Monday, 27 October 2008

The Importance of Being a Spy

Well I read Anna’s review of Spyski, and decided it was just the thing for half term with teenagers. Leaving no stone unturned in the search for comedic possibilities, we had genetically modified babies, murdered spies, Russians, British double agents, Chinese baddies, inventive uses for hospital beds and filing cabinets and a wild selection of ludicrous accents, as well as some lovely light little homages to various spy stories. In the tradition of the Reduced Shakespeare Company, or the National Theatre of Brent, it could have been just painfully bad, but instead it turned out to be gloriously silly. At the Lyric Hammersmith until 1st November, I hope it gets a quick revival.

Saturday, 25 October 2008

Electric Dreams

Great news this week that Red Dwarf is to return with the majority of the cast intact, including Kryten, the robot who broke his programming. This was cause for celebration in the Chatterbox household, as our dvds are very well worn, and some new material will be seized upon with much delight. Once we had shared our worries that they will get rid of the wonderful grunginess of the original series we moved onto one of our favourite topics of the moment, which is whether a robot will ever be able to tell a joke that it has created all by itself.

In science fiction, robots are constantly breaking out of their programming to develop independent thought and sometimes a sense of humour, but even in fiction there are very few examples of robots designed with the consciousness and creativity to make a real joke. I certainly can’t think of any evidence of this in the real world, even with the fancy chess-playing computers. Somehow I have difficulty with the idea that Deep Blue, or even one of his cleverer descendents could get the giggles. Maybe that’s my lack of imagination though….

The jury is still out in our house, mainly because we run out of processing power before reaching a conclusion.

While you are thinking about it here’s a bit from an early series of Red Dwarf.

Friday, 17 October 2008

Absolutely bloody fabulous

Yes, I'm resorting to the lazy blogger's lifeline, a youtube clip, and a chat about what's on the telly.

Life is very hectic at the moment, so a tv programme has to be very special for me to make the effort. Even more so, when you consider that I usually share my viewing with my teenage sons. Beautiful People has really hit the spot though. Based on the book by Simon Doonan and with the wonderful Olivia Coleman as the mum, Debbie, it is about a gay teenager growing up in Reading during the 90's, with the usual comedy complement of idiosyncratic family and friends. What makes the difference though is the amount of really sharp lines which have made us all laugh out loud, mixed with a seriously over-the-top campness. More Malcolm in the Middle than The Wonder Years, we're now half way through the series, but you should still watch it if you can. Here's a clip from episode 2.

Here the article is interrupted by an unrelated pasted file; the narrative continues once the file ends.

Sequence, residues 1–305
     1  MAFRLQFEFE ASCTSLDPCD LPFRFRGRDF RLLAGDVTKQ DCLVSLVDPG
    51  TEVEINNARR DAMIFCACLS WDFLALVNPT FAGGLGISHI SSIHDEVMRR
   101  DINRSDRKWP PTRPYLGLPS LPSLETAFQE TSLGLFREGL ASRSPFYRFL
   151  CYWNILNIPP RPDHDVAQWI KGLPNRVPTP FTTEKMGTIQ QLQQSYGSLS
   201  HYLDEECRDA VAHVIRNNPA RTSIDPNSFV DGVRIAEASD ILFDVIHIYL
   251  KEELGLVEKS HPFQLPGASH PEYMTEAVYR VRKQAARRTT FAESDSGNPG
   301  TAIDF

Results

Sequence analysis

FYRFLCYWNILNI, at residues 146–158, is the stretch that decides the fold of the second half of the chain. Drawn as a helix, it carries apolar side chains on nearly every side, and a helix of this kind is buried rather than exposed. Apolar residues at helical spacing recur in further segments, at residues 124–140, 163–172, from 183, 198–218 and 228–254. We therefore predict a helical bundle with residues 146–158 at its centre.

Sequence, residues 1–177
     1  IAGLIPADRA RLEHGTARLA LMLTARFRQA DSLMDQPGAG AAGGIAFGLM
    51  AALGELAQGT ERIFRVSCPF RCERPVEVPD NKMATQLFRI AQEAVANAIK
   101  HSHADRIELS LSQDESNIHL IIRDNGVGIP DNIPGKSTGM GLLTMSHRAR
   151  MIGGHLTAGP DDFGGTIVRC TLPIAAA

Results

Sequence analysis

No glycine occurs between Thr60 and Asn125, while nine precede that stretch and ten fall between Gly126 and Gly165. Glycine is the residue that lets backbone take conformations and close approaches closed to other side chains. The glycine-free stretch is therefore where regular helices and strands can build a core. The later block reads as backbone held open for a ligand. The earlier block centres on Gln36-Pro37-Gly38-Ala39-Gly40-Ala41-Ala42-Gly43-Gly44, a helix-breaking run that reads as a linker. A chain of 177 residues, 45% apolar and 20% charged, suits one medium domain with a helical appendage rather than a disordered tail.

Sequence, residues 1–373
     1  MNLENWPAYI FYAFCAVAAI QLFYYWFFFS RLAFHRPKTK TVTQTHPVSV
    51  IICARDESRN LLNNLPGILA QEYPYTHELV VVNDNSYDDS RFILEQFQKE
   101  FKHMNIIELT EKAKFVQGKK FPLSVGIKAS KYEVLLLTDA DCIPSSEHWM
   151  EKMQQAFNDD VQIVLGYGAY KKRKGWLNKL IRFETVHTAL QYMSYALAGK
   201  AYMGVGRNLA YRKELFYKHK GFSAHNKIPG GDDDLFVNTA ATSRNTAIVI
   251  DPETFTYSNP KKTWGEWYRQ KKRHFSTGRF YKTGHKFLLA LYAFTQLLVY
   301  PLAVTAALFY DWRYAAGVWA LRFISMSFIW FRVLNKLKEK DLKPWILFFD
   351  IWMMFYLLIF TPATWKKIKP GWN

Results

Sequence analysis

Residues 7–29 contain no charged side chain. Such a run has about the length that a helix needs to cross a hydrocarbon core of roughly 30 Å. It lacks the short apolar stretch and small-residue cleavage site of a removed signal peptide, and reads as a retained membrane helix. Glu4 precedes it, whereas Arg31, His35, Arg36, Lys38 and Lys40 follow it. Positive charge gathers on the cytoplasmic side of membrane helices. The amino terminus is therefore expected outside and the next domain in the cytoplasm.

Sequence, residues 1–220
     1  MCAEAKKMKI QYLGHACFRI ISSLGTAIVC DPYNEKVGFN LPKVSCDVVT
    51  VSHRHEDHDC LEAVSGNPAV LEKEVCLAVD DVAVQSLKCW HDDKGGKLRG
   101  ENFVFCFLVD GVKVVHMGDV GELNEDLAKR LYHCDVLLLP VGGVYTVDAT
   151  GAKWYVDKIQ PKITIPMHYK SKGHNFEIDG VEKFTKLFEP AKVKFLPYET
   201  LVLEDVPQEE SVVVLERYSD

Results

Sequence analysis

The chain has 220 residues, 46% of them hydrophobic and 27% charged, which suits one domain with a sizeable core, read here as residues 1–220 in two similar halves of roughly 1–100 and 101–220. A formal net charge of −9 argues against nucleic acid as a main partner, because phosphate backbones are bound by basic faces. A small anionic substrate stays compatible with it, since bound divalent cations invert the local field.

Tuesday, 14 October 2008

Heath Robinson Heaven

For anyone who likes machines, James May's Big Ideas is a bit of a must see, even if you do have a bit of a problem with some of Mr May's dodgy friends. It gave my geeky heart a huge thrill when this week we saw steel being melted with nothing more than solar power. I don't really care about all the problems with turning this into something that is practical. The mere fact that there are (let's be honest) slightly strange men in deserts doing these sorts of things makes me very happy.
I think James May might find himself thrown out of the petrol head gang if he keeps this up though.

Saturday, 4 October 2008

The Odd Shoe Shuffle

The last time I went out with odd shoes on was 17 years ago, and I had plenty of justification.
  1. I was pregnant with twins so couldn't see my feet

  2. It was dark when I put my shoes on

  3. The shoes were the same style, just different colours

I have just got back from Tesco, where I looked down at my feet beyond the trolley to see this:

On the left, my smart-ish Tesco-suitable boots. On the right, my muddy, baggy and quite frankly a bit leaky gardening boots. I am not pregnant, it wasn't dark, and one is a whole inch higher in the heel than the other. I would be glad of any explanation that doesn't include senility.

On the plus side, I did finish my shopping pretty quickly.